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October 25th 2013 4:08 pm

The new Mac Pro: winners and losers

As those that have read my review of the now old Mac Pro already know, I was not pleased that Apple failed to keep the Mac Pro competitive with other workstations (i.e. systems with one to two socket Xeons). Tuesday's announcement did clarify things a bit.

The winners:
  • those in media production whose applications will take advantage of those GPUs
  • power users that want/need to drive a lot of displays and prefer OS X
The losers:
  • users that were using the Mac Pro as a technical workstation - there are now too few CPU cores on offer. Game over unless you can get versions of your applications that can substitute the GPUs for the CPUs.
On the fence:
  • developers and testers that run many OS in virtualization - the monitor options are great, but the the number of CPU cores is on the low side.
That doesn't seem like a lot of winners, but maybe I am underestimating the size of the media workstation market?

As to power users with more mainstream needs, the cost to benefit ratio has never looked less favorable unless storage IOPS have already pushed you into using high performance external storage.

Am I missing anything here?

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I'd love to know more about using the Mac Pro as a technical workstation (or what a technical workstation is). Are 8-cores too few? What are the applications for something with that much processing power?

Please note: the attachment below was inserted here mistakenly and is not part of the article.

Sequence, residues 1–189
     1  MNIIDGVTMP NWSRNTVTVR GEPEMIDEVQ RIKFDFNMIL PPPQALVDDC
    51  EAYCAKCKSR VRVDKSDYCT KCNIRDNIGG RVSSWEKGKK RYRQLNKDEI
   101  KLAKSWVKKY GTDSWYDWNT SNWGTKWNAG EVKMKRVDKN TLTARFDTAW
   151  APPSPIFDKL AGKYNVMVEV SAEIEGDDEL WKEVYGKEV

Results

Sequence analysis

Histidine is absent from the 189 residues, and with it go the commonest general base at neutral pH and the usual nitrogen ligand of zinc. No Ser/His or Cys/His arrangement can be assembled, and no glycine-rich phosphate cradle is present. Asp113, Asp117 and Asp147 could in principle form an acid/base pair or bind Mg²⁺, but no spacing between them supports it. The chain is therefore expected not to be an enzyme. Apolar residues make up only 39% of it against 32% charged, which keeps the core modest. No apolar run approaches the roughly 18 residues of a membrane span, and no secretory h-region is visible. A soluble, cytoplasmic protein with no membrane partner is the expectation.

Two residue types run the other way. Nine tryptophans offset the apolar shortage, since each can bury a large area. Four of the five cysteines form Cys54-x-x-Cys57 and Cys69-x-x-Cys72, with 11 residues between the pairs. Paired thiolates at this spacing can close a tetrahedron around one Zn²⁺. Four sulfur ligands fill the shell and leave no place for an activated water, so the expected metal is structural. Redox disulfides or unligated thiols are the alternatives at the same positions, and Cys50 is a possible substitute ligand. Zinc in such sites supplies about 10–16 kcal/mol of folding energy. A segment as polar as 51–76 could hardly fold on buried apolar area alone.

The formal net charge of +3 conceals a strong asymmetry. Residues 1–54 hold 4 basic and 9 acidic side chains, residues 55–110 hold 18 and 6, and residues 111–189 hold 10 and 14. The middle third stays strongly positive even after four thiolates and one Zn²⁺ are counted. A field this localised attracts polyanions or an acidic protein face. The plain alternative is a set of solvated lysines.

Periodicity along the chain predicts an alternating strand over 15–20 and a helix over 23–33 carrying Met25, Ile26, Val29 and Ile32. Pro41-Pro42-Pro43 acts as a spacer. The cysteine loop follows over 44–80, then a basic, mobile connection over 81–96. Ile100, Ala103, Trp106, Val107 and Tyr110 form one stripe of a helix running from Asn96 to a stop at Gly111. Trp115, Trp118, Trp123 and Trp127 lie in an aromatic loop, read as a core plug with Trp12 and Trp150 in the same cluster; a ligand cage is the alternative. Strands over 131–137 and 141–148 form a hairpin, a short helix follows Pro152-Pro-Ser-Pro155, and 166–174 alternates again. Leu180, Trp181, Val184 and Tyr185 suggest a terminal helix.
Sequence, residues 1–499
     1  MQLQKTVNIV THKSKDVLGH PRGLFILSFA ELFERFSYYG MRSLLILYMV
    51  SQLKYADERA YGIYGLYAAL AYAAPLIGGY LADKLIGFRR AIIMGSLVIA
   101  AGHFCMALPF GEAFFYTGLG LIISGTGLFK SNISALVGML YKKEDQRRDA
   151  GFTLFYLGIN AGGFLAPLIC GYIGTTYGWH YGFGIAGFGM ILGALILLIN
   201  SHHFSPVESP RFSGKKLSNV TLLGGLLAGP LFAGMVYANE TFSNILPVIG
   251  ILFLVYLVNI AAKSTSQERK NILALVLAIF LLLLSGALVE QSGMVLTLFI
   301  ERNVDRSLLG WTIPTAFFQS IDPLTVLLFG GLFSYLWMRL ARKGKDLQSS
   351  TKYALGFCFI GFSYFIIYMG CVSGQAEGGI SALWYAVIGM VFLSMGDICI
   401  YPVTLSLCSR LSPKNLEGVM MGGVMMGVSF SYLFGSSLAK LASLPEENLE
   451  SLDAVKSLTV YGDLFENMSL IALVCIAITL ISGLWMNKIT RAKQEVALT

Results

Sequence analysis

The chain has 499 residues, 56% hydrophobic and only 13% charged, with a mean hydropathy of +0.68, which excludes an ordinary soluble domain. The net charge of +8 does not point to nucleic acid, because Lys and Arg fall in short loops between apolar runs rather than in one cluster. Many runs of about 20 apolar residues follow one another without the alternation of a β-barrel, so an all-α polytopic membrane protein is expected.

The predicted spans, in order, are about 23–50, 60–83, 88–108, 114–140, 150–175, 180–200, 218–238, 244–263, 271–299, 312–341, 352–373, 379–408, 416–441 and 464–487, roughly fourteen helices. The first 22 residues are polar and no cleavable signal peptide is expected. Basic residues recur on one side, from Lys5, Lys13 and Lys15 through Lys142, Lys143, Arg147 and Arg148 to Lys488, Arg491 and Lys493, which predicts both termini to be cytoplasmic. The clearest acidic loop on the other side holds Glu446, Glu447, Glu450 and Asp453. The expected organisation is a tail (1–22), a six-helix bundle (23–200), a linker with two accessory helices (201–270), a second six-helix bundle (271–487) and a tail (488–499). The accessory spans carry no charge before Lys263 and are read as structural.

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I'd imagine autocad and things of that nature. Or even people who need to run constant monitoring tools that may end up taxing the CPU.
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I hadn't thought of data acquisition and industrial or laboratory monitoring. I haven't been concerned with those aspects of computing in over 15 years. I'd be interested to hear from those with more current knowledge of this area.
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If you make heavy use of desktop virtualization, you can never have enough cores. The same applies to compute intensive tasks that can take advantage of threading - encoding and transcoding video comes to mind. However, in reference to encoding/transcoding, it may be that the GPUs can handle this better if your application supports that.

Technical workstation is a bit of an anachronism; but, for me, it covers those IT requests where a traditional desktop, notebook, server or some combination thereof is not the answer. Thus, some sort of specialty application or use case is involved; and, worse case, it may utilize some very old software that was recompiled for 64-bit expressly for the memory space. Thus, you may need large amounts of RAM and high clock speeds for this part of the workflow; and more common tools for everything else. In this case, two four core CPUs running at 3.7GHz may be far better solution than one eight core CPU running at 2.7GHz. It is not just the lack of CPU cores that bothers me; it is the complete lack of a second CPU socket. And, yes. I suppose the answer could be provisioning one Mac Pro for the resource hog part of the workflow; and then another Mac for everything else. But that is kind of a kluge, isn't it?

In some instances, the request revolves around highly paid technical staff (e.g. physicians, engineers and scientists) that just want to be treated special; and, if they prefer Macs, then I can certainly see the new Mac Pro meeting "political" requirements in some cases. Heh. I guess one might (in secret) refer to such setups as Political Workstations. ;)
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